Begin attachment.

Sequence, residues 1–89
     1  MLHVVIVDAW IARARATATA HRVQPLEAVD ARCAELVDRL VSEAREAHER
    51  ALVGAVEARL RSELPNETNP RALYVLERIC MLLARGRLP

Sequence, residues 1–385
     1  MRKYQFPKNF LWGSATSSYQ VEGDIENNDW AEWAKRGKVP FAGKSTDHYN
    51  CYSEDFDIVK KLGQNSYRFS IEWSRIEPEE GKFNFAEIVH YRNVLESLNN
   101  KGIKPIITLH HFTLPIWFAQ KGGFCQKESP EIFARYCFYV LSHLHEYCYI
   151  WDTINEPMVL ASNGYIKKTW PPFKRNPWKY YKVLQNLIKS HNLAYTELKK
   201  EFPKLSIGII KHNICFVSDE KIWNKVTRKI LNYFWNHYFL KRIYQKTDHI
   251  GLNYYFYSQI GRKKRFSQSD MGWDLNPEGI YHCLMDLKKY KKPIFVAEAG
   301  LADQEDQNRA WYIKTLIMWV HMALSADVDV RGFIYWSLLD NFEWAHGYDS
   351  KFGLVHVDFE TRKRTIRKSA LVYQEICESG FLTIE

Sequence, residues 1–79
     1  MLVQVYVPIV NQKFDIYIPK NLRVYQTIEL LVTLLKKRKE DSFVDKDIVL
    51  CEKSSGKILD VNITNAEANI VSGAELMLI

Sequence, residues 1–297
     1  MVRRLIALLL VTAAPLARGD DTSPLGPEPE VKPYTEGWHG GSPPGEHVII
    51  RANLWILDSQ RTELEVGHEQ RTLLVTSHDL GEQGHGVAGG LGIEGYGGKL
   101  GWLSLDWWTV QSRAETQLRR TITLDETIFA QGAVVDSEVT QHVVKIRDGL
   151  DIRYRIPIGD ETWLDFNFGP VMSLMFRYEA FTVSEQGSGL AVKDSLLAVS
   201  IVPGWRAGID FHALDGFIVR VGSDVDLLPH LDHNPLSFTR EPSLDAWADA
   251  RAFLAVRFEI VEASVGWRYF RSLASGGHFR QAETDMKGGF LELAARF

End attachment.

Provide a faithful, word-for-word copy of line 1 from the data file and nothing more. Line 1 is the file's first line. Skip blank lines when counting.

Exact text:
Sequence, residues 1–89